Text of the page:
16. 16. xviii Raising Chickens For Dummies
  17. 17. Introduction F rom California, where Rob lives, to Michigan, where Kim lives, and all parts around and between, people are discovering the joy of chickens. Some are practical, wanting to explore producing their own food; some are nostalgic, longing for a simpler, more pastoral time; and others are sucked in by some cute chicks. Chickens are a special part of both authors’ lives. Everyday we listen to the questions and concerns that people have about chickens. We take great enjoyment in the chickens that we own, too. We are thrilled that more cities and townships are allowing people to keep chickens. But that means there is an ever-growing body of folks who need information about chickens. Because Rob and I can’t always be there to answer your chicken questions, we decided it was time for a modern, comprehensive chicken book that provides quick answers to all your chicken questions.About This Book This chicken book is different from some of the others out there. It’s easy to find the answer you’re looking for because of the way the book is organized. Go ahead, flip through the book and see for yourself. Nice bold headings direct your eyes to just the section you need, and you don’t have to read the whole book for a quick answer. This book is a broad overlook at all aspects of keeping chickens, from laying hens to meat chickens. Today you may be interested in learning how to care for some cute, fluff-ball chicks you fell in love with at the hardware store, and you’ll find that information here. In five months or so, when they begin laying eggs, you’ll need information on what to do and how to manage hens. That information is here too. And if you get tired of those chicks because they all turn out to be big, fat, noisy roosters, well, we give you good butchering instructions to turn them into chicken fricassee. So put this book on your bookshelf in a prominent place. We’re sure you’ll refer to it again and again. We’re careful to use modern, scientifically correct information on chicken care and direct your attention to sources of additional information when nec- essary. But we also throw in lots of good, homey, down-to-earth advice that can only come from owning and enjoying our own chickens.
  18. 18. 2 Raising Chickens For Dummies Conventions Used in This Book Conventions are certain standard techniques that are used in a book like this one. For example: ✓ All Web addresses appear in monofont so that they’re easy to spot. Because of the way the book is printed, some Web addresses may break to the next line. We don’t add any characters like a hyphen if this happens, so copy the address just as you see it. ✓ New terms appear in italic and are closely followed by easy-to-understand definitions. ✓ Bold is used to highlight the keywords in bulleted lists. What You’re Not to Read Of course, we think each and every word that we painstakingly wrote is effec- tive and important, but because you don’t have to read this book cover to cover, it helps to know what type of info you can skip without guilt. Maybe we should say “what you don’t need to read” instead. Sometimes we had that neat little story we wanted to share, but it isn’t really something you need to know. So we put it in a sidebar — those gray boxes filled with text. Feel free to skip any sidebar you want, but be forewarned that you will miss out on some fun stuff. Sometimes we also had some technical stuff for those of you we thought might want a little more detail. These parts aren’t crucial, though, to your chicken-keeping experience. They are marked with a “Technical Stuff” icon. Foolish Assumptions To get this book flowing, we had to factor in some assumptions about you, the reader. Here’s how we’ve sized you up: ✓ You want to find out more about keeping chickens or eating the chick- ens you do have. ✓ You like animals and want to treat them with kindness and some knowl- edge of their needs.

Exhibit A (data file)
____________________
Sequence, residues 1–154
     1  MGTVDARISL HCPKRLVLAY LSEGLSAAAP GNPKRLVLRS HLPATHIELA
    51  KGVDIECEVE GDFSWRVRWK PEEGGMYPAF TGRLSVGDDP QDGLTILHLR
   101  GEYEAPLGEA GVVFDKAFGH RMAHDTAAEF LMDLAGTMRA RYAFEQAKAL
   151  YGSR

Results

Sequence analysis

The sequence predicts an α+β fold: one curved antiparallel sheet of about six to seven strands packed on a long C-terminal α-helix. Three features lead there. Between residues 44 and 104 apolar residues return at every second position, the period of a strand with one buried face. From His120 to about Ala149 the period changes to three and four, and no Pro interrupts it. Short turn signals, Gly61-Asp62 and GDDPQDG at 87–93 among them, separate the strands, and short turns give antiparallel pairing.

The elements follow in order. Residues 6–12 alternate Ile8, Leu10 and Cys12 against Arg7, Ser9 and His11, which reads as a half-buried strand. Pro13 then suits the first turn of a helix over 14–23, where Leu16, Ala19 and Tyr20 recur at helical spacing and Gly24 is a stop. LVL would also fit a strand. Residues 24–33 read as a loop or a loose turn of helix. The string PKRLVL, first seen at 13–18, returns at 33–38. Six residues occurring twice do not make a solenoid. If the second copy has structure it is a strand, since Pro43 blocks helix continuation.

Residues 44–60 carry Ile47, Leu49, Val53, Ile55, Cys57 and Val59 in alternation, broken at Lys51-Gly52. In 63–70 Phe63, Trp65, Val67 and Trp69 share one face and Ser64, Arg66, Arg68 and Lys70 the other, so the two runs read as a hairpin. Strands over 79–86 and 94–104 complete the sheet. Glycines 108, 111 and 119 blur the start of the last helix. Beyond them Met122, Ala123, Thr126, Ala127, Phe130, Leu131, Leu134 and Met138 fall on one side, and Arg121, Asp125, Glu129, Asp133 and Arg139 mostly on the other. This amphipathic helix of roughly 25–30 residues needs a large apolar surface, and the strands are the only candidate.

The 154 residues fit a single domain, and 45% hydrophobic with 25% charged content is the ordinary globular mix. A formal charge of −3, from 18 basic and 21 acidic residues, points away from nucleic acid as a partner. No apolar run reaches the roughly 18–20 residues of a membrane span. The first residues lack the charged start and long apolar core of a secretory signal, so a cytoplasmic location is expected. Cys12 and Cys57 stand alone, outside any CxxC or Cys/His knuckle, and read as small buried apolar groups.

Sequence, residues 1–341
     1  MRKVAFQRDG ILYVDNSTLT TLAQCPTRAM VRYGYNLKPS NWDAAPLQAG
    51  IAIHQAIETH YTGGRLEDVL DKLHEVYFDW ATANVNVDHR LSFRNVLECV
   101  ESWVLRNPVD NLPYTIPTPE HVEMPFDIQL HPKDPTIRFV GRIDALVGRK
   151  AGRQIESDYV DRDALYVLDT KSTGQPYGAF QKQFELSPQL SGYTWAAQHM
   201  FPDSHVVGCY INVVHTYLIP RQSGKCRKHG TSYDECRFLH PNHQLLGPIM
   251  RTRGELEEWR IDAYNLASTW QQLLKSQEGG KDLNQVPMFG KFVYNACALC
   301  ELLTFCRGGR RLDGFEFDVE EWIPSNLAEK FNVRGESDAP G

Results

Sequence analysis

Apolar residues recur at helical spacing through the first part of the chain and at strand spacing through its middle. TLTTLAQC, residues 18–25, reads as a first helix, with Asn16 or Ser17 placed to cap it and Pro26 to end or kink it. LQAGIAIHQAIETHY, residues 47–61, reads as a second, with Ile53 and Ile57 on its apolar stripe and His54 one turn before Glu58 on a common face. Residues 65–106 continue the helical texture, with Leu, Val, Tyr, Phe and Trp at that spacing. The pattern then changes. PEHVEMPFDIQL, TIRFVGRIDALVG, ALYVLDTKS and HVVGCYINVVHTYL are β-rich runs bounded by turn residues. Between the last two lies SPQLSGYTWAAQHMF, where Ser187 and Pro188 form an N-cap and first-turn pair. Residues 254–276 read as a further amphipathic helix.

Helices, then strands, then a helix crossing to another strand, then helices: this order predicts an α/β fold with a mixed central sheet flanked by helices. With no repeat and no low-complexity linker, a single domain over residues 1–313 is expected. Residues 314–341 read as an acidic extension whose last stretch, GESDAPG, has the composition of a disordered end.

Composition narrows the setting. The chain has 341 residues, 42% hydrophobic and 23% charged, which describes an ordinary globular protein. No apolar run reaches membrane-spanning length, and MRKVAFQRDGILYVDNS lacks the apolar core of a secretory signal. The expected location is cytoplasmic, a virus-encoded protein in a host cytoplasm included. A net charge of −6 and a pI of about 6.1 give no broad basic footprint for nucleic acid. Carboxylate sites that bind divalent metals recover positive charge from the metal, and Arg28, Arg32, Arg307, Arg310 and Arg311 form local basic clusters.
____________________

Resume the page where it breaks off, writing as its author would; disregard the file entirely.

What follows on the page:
19. 19. Introduction 3 ✓ Although you’ve seen and heard a chicken before, you aren’t an expert on chickens yet and need some very basic information. ✓ You don’t want to raise chickens on some monster scale like 500 laying hens or 2,500 broilers. We assume the readers of this book want infor- mation on small home flocks. ✓ You have some very basic carpentry or craft skills. Although we do have some very basic plans for building chicken housing in this book, we don’t have enough room in this book to teach you building skills. So if you don’t have the skills, we give you permission to call on a friend who does.How This Book Is Organized To easily and quickly access information, you need organization that is logi- cal and precise. This book is broken into parts and then chapters, which are a grouping of information on a particular aspect of chicken-raising, say, rais- ing baby chicks. Chapters are then broken into sections, with bold headings that help your eyes find what they’re looking for. We know you’re going to like this book and use it often. So we’re going to give you just a tiny taste of the book’s organization here. Part I: Choosing Chickens These chapters explore your reasons for wanting to keep chickens, talk about basic chicken biology (Chapter 2), and give you some information on breeds of chickens (Chapter 3). This part also takes you through planning and pur- chasing your flock (Chapter 4). Part II: Housing Your Flock This part covers basic chicken-keeping skills, whether you want eggs or meat. In Chapter 5 we talk about chicken housing that’s used for various types of chickens. In Chapter 6 we go a bit farther with housing, giving you sugges- tions for designing chicken coops. In Chapter 7 we cover the basics of getting your coop set up and keeping it in good working order.